Prior posts (here, here, and here) discussed a motion to suppress and a motion to dismiss brought by various defendants in the Carson matter. Given the recent guilty pleas of Stuart Carson and Hong Carson (see here), as a practical matter the motions only affected the remaining defendants – Paul Cosgrove and David Edmonds.
In the motion to suppress, defendants moved to suppress statements which they made to attorneys from Steptoe & Johnson during the course of Steptoe’s internal investigation on behalf of Control Components, Inc. and its parent IMI plc. The theory of the motion was that the Steptoe attorneys were part of the Government’s investigation and therefore state actors.
Judge Selna rejected the state actor theory – see here for his tentative order. Judge Selna stated as follows. “As a matter of fact finding, there is no basis to conclude on the basis of events that transpired prior to the interviews or in the aftermath that the Steptoe lawyers were acting as agents of the Government.” The tentative order states as follows. “Steptoe contacted the Department of Justice. [...] There is no evidence that the Government had any input in the determination of which employees to interview or what they should be asked. Although [Mark] Mendelsohn [former DOJ FCPA Unit Chief] was advised of the first day of interviews via e-mail, he did not provide guidance or input for the next day’s interviews, and put off discussing the ‘specifics’ of the interviews until the following week.”
Judge Selna further stated as follows. “The facts here do not establish more than a unilateral determination on the part of CCI and its parent to cooperate with the Government. Surely, it was in CCI’s interest and a legitimate activity to investigate potential criminal conduct in its business operations. The Government had no involvement with the Defendants’ interviews, and it cannot be said that Steptoe’s action were so intertwined with the Government that those interviews may be ‘fairly treated’ as the conduct of the Government. [...] The record is clear that CCI through its parent IMI had made a decision to conduct an internal investigation before Steptoe contacted the Government.”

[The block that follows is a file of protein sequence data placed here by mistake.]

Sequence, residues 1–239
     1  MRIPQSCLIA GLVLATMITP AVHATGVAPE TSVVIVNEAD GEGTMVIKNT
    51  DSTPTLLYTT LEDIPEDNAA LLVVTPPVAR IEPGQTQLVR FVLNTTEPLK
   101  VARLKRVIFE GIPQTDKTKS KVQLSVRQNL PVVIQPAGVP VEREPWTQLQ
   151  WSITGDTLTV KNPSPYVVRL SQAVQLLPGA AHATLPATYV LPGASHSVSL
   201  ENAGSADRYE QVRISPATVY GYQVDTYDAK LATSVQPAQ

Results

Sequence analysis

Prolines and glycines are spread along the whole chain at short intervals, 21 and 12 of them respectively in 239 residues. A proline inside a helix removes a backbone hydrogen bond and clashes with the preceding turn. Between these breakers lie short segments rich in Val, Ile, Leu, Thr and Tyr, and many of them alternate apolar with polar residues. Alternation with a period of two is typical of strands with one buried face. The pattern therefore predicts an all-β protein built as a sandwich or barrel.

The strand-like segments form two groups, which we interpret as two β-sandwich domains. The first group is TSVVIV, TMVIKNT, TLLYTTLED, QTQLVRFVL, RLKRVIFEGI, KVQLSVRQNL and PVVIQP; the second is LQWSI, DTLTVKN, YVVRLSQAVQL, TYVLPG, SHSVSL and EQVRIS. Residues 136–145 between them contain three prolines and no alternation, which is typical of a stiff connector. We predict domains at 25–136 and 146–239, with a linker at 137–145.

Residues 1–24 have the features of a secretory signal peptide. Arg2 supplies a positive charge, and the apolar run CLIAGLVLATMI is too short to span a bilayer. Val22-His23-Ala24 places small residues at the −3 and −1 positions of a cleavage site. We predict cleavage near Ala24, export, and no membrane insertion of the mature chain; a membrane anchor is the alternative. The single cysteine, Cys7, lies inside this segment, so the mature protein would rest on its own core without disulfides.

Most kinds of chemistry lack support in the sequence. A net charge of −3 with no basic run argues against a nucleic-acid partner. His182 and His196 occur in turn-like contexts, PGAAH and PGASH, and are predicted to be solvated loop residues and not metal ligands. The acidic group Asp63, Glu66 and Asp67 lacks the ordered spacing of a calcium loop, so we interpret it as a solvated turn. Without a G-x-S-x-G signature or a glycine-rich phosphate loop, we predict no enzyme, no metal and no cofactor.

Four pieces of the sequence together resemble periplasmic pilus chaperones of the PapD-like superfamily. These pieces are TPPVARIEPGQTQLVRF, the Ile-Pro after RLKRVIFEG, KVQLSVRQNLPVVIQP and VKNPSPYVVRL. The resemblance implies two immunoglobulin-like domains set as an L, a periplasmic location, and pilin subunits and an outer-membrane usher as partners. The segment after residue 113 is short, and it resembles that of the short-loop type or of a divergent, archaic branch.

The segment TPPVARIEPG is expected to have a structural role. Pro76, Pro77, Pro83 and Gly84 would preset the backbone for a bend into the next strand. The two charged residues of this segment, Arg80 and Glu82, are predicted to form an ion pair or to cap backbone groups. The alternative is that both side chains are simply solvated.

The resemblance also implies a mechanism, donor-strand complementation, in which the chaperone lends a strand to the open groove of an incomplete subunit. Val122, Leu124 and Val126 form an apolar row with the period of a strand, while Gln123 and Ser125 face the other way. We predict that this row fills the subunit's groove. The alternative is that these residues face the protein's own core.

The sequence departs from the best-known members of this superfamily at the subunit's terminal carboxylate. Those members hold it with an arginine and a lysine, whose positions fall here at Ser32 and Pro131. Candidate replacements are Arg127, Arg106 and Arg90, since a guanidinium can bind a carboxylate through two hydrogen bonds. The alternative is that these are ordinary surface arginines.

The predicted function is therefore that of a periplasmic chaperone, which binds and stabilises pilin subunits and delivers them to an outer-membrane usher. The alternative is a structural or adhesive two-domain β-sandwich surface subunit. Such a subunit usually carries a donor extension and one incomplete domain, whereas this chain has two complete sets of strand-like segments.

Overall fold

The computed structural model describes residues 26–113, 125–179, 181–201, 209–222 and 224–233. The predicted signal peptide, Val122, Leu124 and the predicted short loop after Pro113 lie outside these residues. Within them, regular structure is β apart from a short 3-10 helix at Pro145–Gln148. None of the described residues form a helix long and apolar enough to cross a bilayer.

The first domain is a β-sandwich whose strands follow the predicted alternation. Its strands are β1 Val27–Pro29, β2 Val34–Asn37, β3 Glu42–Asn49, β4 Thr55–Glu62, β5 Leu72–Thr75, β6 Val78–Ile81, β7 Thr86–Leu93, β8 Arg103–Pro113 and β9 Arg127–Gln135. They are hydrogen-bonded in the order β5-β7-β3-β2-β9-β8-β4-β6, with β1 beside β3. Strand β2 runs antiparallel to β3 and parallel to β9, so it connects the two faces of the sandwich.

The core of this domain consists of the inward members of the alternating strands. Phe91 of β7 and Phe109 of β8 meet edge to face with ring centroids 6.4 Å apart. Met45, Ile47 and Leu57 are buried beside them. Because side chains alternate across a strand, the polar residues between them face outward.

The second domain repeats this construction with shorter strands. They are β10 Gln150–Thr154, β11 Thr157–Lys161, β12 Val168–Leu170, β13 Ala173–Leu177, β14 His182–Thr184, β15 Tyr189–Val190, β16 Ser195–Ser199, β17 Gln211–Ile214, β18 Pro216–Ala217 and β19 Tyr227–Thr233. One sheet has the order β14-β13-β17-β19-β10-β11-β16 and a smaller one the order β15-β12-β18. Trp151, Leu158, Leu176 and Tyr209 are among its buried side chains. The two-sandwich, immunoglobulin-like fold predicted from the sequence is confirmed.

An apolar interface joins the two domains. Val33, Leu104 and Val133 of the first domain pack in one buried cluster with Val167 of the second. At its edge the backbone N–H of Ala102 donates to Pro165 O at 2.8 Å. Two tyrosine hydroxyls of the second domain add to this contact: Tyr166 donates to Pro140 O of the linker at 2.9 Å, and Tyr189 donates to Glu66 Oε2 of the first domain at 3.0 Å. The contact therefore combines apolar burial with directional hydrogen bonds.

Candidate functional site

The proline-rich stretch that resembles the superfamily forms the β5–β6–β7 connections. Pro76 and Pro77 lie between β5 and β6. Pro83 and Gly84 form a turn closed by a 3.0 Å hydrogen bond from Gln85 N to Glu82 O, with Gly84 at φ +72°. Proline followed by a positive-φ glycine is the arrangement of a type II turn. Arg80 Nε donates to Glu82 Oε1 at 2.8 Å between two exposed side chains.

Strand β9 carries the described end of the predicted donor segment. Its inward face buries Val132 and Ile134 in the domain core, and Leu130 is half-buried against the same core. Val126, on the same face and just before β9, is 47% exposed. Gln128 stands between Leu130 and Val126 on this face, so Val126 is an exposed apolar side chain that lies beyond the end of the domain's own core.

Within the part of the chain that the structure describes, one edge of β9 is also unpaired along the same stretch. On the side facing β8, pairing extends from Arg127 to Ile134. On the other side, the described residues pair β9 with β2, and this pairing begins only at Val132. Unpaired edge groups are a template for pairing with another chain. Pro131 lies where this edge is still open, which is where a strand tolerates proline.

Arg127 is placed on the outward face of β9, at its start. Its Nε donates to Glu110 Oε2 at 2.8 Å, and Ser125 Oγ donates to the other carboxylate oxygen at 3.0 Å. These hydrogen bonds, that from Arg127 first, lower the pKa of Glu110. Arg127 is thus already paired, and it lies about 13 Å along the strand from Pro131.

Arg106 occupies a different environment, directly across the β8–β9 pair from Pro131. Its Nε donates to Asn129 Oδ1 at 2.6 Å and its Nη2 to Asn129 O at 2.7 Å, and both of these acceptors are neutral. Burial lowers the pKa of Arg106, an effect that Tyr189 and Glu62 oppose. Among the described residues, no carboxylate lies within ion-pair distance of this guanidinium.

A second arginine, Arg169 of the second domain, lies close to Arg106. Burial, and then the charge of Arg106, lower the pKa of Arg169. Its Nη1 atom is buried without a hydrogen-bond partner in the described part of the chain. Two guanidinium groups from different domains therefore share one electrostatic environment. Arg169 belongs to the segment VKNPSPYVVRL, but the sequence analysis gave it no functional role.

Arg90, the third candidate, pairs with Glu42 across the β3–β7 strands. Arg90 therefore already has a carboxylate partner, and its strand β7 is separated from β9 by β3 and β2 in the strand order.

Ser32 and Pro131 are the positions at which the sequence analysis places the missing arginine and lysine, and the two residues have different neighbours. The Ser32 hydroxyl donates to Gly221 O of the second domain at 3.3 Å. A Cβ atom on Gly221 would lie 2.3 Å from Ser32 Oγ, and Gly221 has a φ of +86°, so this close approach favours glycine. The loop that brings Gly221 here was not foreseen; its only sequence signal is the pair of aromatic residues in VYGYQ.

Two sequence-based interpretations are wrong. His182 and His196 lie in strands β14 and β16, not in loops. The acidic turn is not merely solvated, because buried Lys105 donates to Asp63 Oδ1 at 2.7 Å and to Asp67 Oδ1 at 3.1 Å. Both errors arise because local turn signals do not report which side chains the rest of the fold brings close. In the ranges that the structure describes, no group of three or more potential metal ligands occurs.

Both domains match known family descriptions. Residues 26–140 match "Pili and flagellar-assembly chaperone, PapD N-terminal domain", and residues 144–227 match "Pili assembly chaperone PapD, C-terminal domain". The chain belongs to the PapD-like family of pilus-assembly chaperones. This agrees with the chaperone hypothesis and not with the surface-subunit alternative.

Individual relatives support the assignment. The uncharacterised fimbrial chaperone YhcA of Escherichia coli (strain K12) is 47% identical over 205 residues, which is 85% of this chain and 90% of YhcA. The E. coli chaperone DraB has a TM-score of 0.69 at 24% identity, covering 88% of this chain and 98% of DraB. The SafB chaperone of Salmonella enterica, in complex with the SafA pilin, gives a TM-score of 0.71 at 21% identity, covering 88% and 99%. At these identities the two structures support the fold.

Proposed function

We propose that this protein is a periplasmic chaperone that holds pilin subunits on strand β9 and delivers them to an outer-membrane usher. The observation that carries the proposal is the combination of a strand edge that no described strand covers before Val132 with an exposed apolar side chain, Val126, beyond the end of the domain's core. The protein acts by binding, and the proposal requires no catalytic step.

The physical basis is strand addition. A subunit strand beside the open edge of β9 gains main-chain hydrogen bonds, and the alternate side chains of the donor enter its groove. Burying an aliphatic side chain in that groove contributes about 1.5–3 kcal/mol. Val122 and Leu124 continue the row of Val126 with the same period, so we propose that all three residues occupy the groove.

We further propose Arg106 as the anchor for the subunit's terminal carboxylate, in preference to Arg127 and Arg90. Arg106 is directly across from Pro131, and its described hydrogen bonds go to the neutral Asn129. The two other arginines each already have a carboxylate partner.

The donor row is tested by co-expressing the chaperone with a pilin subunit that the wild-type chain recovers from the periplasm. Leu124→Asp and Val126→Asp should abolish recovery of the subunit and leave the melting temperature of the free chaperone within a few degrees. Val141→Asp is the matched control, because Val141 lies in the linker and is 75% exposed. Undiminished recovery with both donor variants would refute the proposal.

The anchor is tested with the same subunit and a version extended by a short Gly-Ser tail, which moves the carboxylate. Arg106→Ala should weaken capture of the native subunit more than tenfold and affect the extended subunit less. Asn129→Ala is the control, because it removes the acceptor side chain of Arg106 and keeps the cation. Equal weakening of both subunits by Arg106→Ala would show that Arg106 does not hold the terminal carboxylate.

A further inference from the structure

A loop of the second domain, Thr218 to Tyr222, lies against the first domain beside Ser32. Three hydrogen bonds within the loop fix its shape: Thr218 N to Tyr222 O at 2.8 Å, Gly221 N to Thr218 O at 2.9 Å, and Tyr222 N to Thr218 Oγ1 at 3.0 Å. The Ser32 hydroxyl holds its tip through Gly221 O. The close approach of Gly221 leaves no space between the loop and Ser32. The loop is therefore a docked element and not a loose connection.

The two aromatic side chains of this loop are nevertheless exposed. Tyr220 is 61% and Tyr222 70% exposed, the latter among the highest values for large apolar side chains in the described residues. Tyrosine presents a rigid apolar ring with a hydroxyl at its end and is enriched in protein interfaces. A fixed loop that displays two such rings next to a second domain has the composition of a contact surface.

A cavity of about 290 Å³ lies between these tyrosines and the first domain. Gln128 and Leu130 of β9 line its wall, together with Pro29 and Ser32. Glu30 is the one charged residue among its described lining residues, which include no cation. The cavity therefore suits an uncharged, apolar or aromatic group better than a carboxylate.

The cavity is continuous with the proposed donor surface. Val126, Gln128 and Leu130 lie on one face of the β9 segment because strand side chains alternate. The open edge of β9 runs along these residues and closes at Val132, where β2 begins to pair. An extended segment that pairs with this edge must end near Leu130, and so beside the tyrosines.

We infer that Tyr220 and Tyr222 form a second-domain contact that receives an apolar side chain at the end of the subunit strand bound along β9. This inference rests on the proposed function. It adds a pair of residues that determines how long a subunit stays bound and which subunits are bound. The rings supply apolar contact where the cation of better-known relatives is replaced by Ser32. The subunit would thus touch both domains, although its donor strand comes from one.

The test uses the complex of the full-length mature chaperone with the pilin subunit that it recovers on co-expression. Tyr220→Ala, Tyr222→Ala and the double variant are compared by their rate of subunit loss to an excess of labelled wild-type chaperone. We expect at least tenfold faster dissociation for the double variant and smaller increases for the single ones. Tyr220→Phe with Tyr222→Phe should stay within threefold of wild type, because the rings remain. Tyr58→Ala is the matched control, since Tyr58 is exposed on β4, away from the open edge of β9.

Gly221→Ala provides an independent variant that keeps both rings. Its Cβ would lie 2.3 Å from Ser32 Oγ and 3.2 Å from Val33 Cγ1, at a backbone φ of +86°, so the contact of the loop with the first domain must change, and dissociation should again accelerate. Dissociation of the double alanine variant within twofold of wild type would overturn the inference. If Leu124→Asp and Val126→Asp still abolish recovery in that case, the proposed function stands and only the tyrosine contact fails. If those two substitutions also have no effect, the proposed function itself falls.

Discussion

Judge Selna also issued a tentative ruling (here) denying defendants’ motion to dismiss the indictment “on a series on individual grounds upon which they claim to have been denied due process and on the basis of the cumulative effect of these individual deficiencies.”
Judge Selna noted that “a number of claims [were] predicated on the theory that Steptoe & Johnson … was the agent of the Government and joint investigator” and that such issues were properly resolved in the above-described tentative order.
As to the Defendants’ assertion that the FCPA and Travel Act lacked clarity, Judge Selna stated that “this is simply a cameo reprise of their earlier attacks on these statutes which the Court addressed at length, and rejected.”
As to the Defendants’ theories regarding denial of access to witnesses, missing documents, and foreign documents, Judge Selna concluded that none of these issues were “attributable to unilateral government action.” As to Brady issues, Judge Selna concluded that “the Government has used its reasonable efforts to secure materials in the possession of CCI.”
During Monday’s hearing on the motions, Judge Selna indicated that he will soon be issuing formal denials of the motions. The remaining defendants in the Carson matter – Paul Cosgrove and David Edmonds – are scheduled to stand trial in late June.